Louis Moreau Gottschalk was an American composer of sentimental music and a pianist, however he spent most of his time outside of US, living in South America and the Caribbean.
Gottschalk was born of a Jewish businessman from London and a Creole mother. He had 6 brothers and 5 sisters. Later he moved in with relatives including his maternal grandmother and nurse who were both from Haiti. This association was a large influence on his music.
From an early age, he was playing the piano. His father realising his talent and a need for classical training took him to France. However, the Paris Conservatoire rejected him based on his nationality (they didn’t even listen to him play!). Fortunately, through contacts, he managed to gain access (it’s not what you know .. it’s who you know!).
During his life, he enjoyed much popularity, but unfortunately, many of his pieces were either destroyed or lost after his death in 1869. He united Creole and Latin American dance in his compositions; including Bamboula, La Savane, Le Bananier and Le Mancenillier and Grand Tantelle. The Bamboula theme was used as a melody in his Symphony No.1: A Night in the Tropics.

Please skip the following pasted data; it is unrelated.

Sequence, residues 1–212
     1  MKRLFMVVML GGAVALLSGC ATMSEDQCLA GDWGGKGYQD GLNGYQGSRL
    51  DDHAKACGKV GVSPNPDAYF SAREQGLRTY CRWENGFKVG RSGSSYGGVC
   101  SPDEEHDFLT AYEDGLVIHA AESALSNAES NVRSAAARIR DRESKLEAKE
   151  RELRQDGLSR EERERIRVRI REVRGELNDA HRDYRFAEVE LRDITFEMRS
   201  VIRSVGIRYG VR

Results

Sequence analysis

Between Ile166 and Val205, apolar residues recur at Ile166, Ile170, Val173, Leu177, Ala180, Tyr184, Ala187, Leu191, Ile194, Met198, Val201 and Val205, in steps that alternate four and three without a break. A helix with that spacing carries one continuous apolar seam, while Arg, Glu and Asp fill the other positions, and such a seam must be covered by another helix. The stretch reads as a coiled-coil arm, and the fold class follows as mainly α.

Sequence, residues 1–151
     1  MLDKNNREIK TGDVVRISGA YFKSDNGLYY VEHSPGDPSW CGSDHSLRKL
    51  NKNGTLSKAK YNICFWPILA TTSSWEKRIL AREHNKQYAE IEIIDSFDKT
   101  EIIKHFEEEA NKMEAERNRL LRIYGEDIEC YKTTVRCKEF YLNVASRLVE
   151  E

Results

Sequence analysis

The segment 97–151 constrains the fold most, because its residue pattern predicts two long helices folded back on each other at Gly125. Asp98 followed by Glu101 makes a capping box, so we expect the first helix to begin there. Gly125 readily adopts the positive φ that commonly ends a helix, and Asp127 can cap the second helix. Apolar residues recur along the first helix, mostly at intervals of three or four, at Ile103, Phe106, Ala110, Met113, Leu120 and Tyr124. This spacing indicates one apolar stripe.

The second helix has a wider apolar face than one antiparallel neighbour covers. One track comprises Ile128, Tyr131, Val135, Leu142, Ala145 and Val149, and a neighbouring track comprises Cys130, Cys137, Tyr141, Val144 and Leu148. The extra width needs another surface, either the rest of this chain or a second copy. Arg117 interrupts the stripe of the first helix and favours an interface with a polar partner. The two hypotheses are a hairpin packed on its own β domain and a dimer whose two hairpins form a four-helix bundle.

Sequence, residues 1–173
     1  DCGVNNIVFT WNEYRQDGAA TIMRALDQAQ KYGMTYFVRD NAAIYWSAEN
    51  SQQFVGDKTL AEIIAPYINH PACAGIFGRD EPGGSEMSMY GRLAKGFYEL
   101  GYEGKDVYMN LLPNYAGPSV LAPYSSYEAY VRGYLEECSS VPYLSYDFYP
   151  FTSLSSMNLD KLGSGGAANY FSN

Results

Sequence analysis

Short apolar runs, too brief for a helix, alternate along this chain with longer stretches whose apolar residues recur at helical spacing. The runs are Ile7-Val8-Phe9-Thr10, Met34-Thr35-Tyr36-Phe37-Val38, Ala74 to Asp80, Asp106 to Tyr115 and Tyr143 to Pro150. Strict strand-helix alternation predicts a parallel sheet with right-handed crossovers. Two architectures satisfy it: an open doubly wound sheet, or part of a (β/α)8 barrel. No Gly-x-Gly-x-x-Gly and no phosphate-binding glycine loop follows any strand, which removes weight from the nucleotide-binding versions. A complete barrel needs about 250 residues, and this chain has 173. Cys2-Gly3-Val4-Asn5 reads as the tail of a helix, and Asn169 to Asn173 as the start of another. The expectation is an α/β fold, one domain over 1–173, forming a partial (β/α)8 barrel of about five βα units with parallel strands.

After a concert at the Salle Pleyel, Paris, Frédéric Chopin remarked “Give me your hand, my child; I predict that you will become the king of pianists.”
Franz Liszt and Charles-Valentin Alkan, too recognised Gottschalk’s extreme talent.
Travelling extensively by the 1860’s he was one of the best-known pianists in the world. He still found the time to take on a few students. However, due to a scandalous affair with one, he was forced to leave the US!
Traditionally Gottschalk is remembered as a virtuoso and composer of popular (sentimental) music. Many say that there was more to him than being a sentimentalist. As one of his biographers put it Gottschalk was:
“both an arch-romantic and a rationalist, as sentimentalist and a pragmatist, at one America’s first regionalist composer, its first multiculturalist, and its first true nationalist.” (quite a mouthful but very descriptive).
Despite being a true American patriot he was quite outspoken with his views on slavery and the Civil War.
During one of his many concerts in South America, Gottschalk collapsed from Yellow Fever after he’d finished playing his romantic piece Morte! Sadly he never recovered and died 3 weeks later aged 40, possibly from an overdose of quinine.
Musical Downloads & Further Reading
On music-scores.com we have fifteen arrangements of Gottschalk’s O’ma Charmante Epargnez Moi. This is a Creole habanera mixing sadness with restless passion. View Gottschalk Sheet Music.